INTERVIEW

Interview with Sky TG24

Transcript of the interview with Philip R. Lane, Member of the Executive Board of the ECB, conducted by Alessandro Marenzi, Sky TG24, with the participation of Federico Fubini, Corriere della Sera, and Franco Bruni, Bocconi University, broadcast on 23 November 2019

23 November 2019

Alessandro Marenzi: Sette anni fa Draghi disse: faremo tutto quello che serve per preservare l’euro. [..] Dopo sette anni c’è ancora questo problema di preservare l’euro o non si pone nemmeno più la questione?

Philip Lane: What we have seen in the last seven years is a very long track record of a very stable currency. Remember what we have seen in these years: we've seen the interest rates in Europe very low, the spreads between governments much more narrow, and the inflation is controlled. So, yes, a very stable currency, and in the surveys the European population is increasingly happy with the euro as a currency.

Alessandro Marenzi: I tassi bassi o negativi si stanno sperimentando nel concreto. [..] Quanto durerà questa situazione e quali rischi ci sono in una situazione così paradossale per certi aspetti?

Philip Lane: Let me emphasise that the reason why the interest rates are so low is a very high level of saving but a low level of investment. Your question there is really: are we going to see high savings and low investment remain for a long time? We think at the ECB it depends very much on the policies of European governments. Policies that are pro-business, pro-investment will help to restore the interest rate [to a higher level]. Also a policy that encourages spending so that the savings rate comes down a little bit, that would also help. I would not exaggerate the role of the ECB. Behind the ECB is the deeper question of; why is investment in the European economy so low? Why is the saving rate in the European economy so high compared to investment?

Federico Fubini: [..] Pensa che ci sia un punto oltre il quale la politica dei tassi negativi finisca per ledere la percezione che una parte del pubblico europeo ha della Bce?

Philip Lane: I think it's important to emphasise that we recognise the dangers. For example, you give the example of negative rates on deposits, and this is why at the ECB in recent years, we take a multidimensional approach. We do have the negative rates, but we also have the asset purchase programme. We have targeted lending and we have forward guidance on interest rates, so we are trying to make sure that not all of the monetary policy operates through the negative rate. But we cannot rule it out. Of course, everyone agrees: at some level the negative rate will not be helpful. But our assessment is: we are not at that level now. If it is necessary to put the rate lower, we will be prepared to do so. It's a very important message and this goes back to the wider discussion.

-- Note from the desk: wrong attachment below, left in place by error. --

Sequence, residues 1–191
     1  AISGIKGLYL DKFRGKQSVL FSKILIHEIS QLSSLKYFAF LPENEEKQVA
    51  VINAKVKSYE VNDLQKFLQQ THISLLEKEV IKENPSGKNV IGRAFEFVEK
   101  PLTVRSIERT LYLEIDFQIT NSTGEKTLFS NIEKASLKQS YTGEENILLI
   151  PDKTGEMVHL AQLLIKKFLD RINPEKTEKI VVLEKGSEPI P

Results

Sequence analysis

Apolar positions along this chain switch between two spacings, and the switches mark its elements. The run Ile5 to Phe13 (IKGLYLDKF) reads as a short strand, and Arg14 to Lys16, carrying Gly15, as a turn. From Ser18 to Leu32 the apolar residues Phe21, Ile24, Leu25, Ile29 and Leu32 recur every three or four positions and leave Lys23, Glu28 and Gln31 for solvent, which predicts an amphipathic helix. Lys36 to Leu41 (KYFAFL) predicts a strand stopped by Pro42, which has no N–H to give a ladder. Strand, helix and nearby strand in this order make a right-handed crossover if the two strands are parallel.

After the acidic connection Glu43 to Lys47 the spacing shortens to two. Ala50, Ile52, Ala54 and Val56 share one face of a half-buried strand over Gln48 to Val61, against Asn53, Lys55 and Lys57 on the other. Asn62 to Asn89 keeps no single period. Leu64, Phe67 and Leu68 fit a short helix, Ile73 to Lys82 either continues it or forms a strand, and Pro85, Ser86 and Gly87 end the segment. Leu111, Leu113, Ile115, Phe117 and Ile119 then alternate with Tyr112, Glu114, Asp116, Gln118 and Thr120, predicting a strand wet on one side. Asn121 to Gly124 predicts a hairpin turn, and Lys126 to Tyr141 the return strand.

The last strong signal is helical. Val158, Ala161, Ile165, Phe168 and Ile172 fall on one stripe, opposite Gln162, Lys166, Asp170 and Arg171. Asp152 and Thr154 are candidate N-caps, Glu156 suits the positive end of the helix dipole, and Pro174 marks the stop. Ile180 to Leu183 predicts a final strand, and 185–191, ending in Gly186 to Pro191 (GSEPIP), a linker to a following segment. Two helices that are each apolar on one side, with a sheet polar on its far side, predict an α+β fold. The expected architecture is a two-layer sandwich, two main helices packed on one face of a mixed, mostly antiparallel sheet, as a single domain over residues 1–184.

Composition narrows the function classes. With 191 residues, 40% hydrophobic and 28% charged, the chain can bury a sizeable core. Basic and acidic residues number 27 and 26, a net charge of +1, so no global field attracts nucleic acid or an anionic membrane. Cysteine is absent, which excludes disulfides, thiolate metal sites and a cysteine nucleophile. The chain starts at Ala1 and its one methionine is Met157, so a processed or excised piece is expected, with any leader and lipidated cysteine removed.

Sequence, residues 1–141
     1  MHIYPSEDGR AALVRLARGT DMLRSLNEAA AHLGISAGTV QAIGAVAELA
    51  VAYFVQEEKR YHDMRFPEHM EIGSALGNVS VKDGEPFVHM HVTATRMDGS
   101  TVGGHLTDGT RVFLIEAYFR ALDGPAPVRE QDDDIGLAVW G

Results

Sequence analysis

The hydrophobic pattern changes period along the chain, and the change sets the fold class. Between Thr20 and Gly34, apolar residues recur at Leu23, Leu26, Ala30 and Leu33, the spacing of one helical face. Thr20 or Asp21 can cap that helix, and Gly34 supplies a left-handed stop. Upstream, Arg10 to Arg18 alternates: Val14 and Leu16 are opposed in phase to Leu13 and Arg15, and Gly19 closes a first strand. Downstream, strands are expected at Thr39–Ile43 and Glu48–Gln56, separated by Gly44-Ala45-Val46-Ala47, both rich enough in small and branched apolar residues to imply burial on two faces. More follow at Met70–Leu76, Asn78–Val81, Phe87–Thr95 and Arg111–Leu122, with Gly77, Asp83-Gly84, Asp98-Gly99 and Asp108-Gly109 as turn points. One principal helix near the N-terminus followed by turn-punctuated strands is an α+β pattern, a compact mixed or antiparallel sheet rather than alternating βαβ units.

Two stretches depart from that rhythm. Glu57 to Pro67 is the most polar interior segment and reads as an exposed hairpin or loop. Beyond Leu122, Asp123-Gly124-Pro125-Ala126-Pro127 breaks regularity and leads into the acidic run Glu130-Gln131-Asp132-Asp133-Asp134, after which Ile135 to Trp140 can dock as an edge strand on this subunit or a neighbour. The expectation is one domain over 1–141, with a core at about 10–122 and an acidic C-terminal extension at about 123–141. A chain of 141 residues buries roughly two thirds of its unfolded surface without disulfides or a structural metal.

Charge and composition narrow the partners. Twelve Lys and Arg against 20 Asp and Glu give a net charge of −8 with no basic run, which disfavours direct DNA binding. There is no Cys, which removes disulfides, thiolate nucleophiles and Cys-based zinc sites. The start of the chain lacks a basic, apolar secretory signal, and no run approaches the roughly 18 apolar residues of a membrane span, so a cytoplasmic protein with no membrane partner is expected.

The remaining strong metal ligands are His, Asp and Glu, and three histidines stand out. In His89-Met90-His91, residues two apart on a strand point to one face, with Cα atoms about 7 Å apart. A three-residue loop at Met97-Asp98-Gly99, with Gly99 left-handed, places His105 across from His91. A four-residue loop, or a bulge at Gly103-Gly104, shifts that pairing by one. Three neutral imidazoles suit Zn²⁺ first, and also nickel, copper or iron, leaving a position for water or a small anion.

In any country, those who are a saver - every saver - would like to see a higher interest rate. But the answer to that is: let's get the European economy to invest more, because without more investment those savings have nowhere to go. The key to more investment is really good policies across the European Union: pro-innovation, pro-enterprise, pro-education. The key to a high return on investment is much more about those policies. It's a mistake to exaggerate the role of the ECB.

Franco Bruni: [..] Molti di noi pensano che sia il momento di ripensare con calma alla strategia della banca centrale nel perseguire il suo obiettivo statutario e fare una riflessione che metta insieme l’esperienza di questi anni e guardi al futuro tenendo conto anche di queste obiezioni sui tassi negativi, sull’eccesso di liquidità. Mi domando se c’è in programma di cominciare a pensare a una riflessione strategica.

Philip Lane: I think it's important to recognise that already the ECB has changed quite a bit, essentially from 2014 onwards. The ECB I think surprised many commentators by being so aggressive to tackle low inflation. The ECB has launched the sovereign bond programme. It has launched targeted lending, many innovations. Even this year, in the summertime we clarified that the inflation rate of 1.6 is too low, so the discussion now is much more precise. We do not find it acceptable to have inflation around 1.6. So 1.6 is not close to 2. That is important. We also emphasised in recent months that we view the inflation aim as symmetric. So we care just as much about inflation too low as inflation too high. Remember 20 years ago, the challenge was to convince everyone that we would keep inflation low. Now the challenge is to convince everyone that we will make sure inflation goes back to where we'd like it.
I agree with you; many people agree that essentially the last major review was 2003. It is time to take stock, look at this experience and also recognise what element is unique to the ECB, and what is a global issue. As you know, the Fed in the US is in a review right now and many of the challenges are the same.

Alessandro Marenzi: [..] Molti sostengono che l’arsenale della Bce è vuoto, che non ci sono più molte altre munizionisoluzioni. È vero oppure sono troppo critici coloro che dicono che siamo sostanzialmente indifesi se arriva una nuova crisi?

Philip Lane: I think that is overly dramatic. I think everyone watching should be assured that, of course, as the ECB - as the controller of the euro currency - we have many ways to provide monetary accommodation. We all the time are examining our options, our instruments. But please remember: our ability to control the money supply is a very powerful weapon. Although, of course, we are in negative territory with negative rates, with all the programmes, the idea that monetary policy is at some limit: we don't see it. Our assessment, the work of our staff, believes that we have more room if we need it. Please remember, our forecast is that actually we will see an improvement in the next year or two. The scenarios where we need to have more dramatic policies, yes, if there is a severe negative shock, a big recession. But under the baseline, under the most likely scenario, we think the current policies are in good shape.